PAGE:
Captain Marvel hit cinemas on Friday 8 March, and at the time of writing has taken around $455million globally. This is more than the opening weekend of not only Wonder Woman, but also means Captain Marvel had the biggest opening weekend of any female fronted movie.
It’s also the seventh biggest debut for an MCU film, beating out Black Panther and Captain America: Civil War. It might be a Box Office smash, but is Captain Marvel actually any good?
Captain Marvel tells the tale of amnesiac Kree ‘noble warrior hero’ Vers. The Kree are at war with a race of aliens called the Skrull, who can shapeshift into anyone they like, matching everything even down to the DNA. After Vers is captured during a mission, she discovers the Skrull are looking for a woman named Dr Lawson, who they believe has created an essential piece of tech. In her escape, Vers crash lands on Earth in 1995 and sets off to find Lawson before the Skrull can. On the way, she begins to discover she and Lawson might be more connected than she thought. With a de-aged Nick Fury and Lawson’s cat Goose on hand to help, an ass-kicking, smart quipping adventure soon follows.
The movie throws you straight into the story, with little attempt at much exposition. If you’re not a Marvel comics scholar, you’re left to figure out who the Kree and the Skrull are pretty much by yourself. The first part of the plot races along rapidly, hurrying to get Vers, or Carol Danvers, as she later finds out, onto Earth. The first few minutes do feel a little rushed, and could be confusing for some, but as soon as Danvers crashes into a Blockbuster, the tone for the rest of the film is set.
Brie Larson as Carol Danvers is charismatic, no-nonsense and witty. She’s achingly cool, in her stolen grunge fashion choices and her wise-cracking interactions with everyone from friends to villains. For fans of Danvers’ comic appearances, rest assured that Larson presents the Danvers you know and love.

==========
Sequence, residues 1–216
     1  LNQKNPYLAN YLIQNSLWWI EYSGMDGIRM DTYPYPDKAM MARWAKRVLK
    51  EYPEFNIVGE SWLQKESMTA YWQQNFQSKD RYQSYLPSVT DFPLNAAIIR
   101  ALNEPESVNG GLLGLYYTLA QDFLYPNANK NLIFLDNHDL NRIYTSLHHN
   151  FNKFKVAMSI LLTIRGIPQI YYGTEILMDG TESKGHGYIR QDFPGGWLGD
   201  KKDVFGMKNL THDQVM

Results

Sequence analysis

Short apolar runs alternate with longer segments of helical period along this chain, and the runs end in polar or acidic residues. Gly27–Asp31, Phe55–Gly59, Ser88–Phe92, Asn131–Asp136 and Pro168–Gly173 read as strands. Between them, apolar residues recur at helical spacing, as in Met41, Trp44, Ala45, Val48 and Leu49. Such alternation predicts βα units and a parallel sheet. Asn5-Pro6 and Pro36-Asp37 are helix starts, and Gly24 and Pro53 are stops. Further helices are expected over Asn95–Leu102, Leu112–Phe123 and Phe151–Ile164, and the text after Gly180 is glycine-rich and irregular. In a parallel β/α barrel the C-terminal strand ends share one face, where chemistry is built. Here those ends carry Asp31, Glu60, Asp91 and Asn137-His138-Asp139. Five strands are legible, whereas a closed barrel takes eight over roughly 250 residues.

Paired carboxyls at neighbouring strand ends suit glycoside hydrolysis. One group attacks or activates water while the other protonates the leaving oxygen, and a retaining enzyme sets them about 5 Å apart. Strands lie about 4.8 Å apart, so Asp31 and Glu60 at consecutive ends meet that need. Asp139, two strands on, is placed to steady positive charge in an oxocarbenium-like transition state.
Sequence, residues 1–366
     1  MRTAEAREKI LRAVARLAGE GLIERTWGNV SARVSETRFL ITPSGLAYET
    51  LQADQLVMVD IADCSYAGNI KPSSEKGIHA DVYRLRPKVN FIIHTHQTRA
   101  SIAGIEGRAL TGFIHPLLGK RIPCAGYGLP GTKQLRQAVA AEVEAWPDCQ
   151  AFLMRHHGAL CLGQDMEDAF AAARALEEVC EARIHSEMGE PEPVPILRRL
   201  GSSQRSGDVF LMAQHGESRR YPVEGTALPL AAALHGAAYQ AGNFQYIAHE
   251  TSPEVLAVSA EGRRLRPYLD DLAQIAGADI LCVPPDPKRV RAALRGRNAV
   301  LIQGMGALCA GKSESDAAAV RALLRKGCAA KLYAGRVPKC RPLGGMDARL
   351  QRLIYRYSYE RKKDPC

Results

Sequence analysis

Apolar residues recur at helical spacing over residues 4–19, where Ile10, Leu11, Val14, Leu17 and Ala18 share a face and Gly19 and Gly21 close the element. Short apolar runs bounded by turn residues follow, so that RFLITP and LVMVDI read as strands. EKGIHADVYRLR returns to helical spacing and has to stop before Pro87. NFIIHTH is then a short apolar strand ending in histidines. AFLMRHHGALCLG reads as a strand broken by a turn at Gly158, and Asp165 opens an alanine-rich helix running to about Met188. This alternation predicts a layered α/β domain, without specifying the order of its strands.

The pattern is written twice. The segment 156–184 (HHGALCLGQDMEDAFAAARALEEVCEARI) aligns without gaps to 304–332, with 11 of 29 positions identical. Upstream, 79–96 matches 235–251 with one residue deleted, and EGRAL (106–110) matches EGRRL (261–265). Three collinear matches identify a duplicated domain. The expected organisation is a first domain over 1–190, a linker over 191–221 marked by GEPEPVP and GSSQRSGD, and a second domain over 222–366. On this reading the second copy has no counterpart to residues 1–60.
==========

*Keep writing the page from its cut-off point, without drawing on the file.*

Samuel L Jackson gives us a Nick Fury who is very different to the one we’re used to from past movies. This Fury is younger (neatly digitally de-aged), and less jaded. He forms an immediate friendship with Danvers, and an even stronger love for Goose the cat. Fury is much funnier and full of hope than we’ve seen before, and it’s interesting angle to see who Fury once was. Fury and Danvers make for an unlikely buddy movie, but one that is charming to watch and very believable.
A supporting cast that includes Jude Law as a Kree warrior, Annette Bening as Lawson and Carol’s human friend Maria Rambeau played by Lashana Lynch. Maria and her daughter Monica (Akira Akbar) bring some real heart to the movie, and to Danvers. Maria neatly sidesteps the usual tropes of ‘black friend sidekick’ and instead gives us a woman we really believe could be best friends with a superhero. I’m certain too that we haven’t seen the last of Monica.
The real standout character however is feline. Goose steals every scene she’s in, and has a few surprises up her furry sleeves.
The whole thing is a riot of 90’s nostalgia. Expect jokes about internet speed and Radio Shack. The fashion is all 90’s grunge girl cool, and the soundtrack matches. Key moments are punctuated by some of the biggest female artists of the era, including TLC, Salt ‘n’ Pepper and Hole.
Most of all, this movie is just excellent fun. It’s colourful, with masterfully choreographed action scenes, characters to fall in love with, and a soundtrack that slaps. It’s central heroine has a bigger message though, amongst her sarcastic replies and wry raised eyebrows. In her final showdown, she delivers a message of strength and empowerment that will have women everywhere internally screaming in triumph. Danvers is a woman who won’t apologise to anyone for existing.
For a 90s buddy movie romp, for feminist empowerment and for a truly brilliant cat, go and see Captain Marvel. It’s wonderful, and will leave you more than ready to see her again in Avengers: End Game in April.
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